PATIENT CARE

World-Class Cardiovascular Care Close to Home

Vascular Surgery
Vascular surgery at the Heart and Vascular Institute is designed around a multidisciplinary approach.
Thomas Bernik, MD
Thomas Bernik, MD

“Even before I came here, Englewood Hospital had in place high-end technology for vascular surgeons to perform advanced procedures,” said Thomas R. Bernik, MD, chief, vascular surgery at Englewood Hospital. “A lot of our physicians are New York City transplants, including myself. We have the technology here, the medical teams and the administrative support that I really didn’t have in New York City. It was one of the attractions for me to come here.”

Dr. Bernik came to Englewood Hospital in January 2016 from Mount Sinai Beth Israel, in New York City, where he was an associate professor of surgery and chief of vascular surgery. Prior tothat, he was chief of endovascular surgery at St. Vincent’s Hospital and Medical Center, also in New York City. As a vascular and endovascular surgeon, Dr. Bernik specializes in complex open surgery and minimally invasive surgery for aortic aneurysms, carotid disease, peripheral vascular disease, dialysis access and complex venous thrombosis.

Dr. Bernik is continuing to expand the hospital’s vascular surgery services and oversees the leadership of the Wound Care/Limb Salvage Center.

Englewood Hospital’s programs are multidisciplinary, which foster and individualize patient care. Doctors, even those at major big-city academic hospitals, tend to work in silos, Dr. Bernik said, and operate within their specific disciplines.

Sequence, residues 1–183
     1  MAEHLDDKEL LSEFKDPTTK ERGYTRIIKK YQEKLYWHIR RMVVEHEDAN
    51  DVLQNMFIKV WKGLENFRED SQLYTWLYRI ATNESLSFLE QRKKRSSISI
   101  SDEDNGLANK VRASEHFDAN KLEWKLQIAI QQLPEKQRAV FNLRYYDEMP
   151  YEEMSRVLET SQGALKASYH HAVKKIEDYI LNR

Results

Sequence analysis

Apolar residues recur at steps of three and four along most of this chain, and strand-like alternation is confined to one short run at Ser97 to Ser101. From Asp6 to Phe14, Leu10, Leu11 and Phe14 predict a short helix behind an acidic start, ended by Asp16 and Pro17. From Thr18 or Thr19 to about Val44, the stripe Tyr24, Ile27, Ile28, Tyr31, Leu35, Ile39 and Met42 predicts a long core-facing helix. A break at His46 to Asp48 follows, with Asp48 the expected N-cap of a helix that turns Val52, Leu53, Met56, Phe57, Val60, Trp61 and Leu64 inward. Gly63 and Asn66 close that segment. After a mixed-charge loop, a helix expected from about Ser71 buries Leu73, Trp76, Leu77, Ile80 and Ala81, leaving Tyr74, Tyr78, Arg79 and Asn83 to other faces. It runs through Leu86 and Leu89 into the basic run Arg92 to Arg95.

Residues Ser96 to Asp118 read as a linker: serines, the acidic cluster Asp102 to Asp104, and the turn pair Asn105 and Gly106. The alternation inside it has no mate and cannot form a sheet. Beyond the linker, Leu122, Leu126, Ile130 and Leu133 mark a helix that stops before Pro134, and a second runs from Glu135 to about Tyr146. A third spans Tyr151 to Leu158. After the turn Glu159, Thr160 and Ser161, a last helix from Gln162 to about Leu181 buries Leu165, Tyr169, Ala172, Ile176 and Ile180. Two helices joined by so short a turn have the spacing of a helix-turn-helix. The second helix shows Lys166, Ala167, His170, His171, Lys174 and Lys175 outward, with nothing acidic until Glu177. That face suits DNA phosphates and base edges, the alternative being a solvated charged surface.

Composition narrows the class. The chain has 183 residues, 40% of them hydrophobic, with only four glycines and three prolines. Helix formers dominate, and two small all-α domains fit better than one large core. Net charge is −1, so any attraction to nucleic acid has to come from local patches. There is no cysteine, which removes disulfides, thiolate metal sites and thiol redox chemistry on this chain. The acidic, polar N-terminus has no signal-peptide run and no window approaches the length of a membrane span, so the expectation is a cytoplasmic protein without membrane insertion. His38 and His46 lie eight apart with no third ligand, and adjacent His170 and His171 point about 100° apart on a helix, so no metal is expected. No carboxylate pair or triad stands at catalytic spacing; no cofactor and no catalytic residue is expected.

“The uniqueness of what we have here is the multispecialty design of the programs,” Dr. Bernik said. “We start with a very good vascular surgery base of physicians, but we also have support from all the different disciplines that we bring into our programs, helping us give the quality of care that is needed.”

For example, the Wound Care Center brings in specialists from infectious diseases, vascular surgery, cardiology and endocrinology to provide comprehensive, whole-body care. “These are some of the sickest patients that you are going to have in the hospital from a cardiovascular standpoint,” Dr. Bernik said. “They have multisystem organ issues.” These include coronary artery disease, lung disease or kidney disease, he noted, and all of those specialties should have a say in the treatment of that patient.

Because vascular issues can affect the entire body, “we have multispecialist practices that participate in the care of the one patient,” Dr. Bernik said. “The biggest thing we do for the care of patients who are really sick is maintain our focus on quality, quality, quality.” That focus on quality has been consistently recognized by external rating agencies, including CareChex, a division of Quantros, Inc., which recognized Englewood Hospital’s vascular surgery division as being among the top 10% in New Jersey and the nation for both medical excellence and patient safety in 2016.

Posted September 2017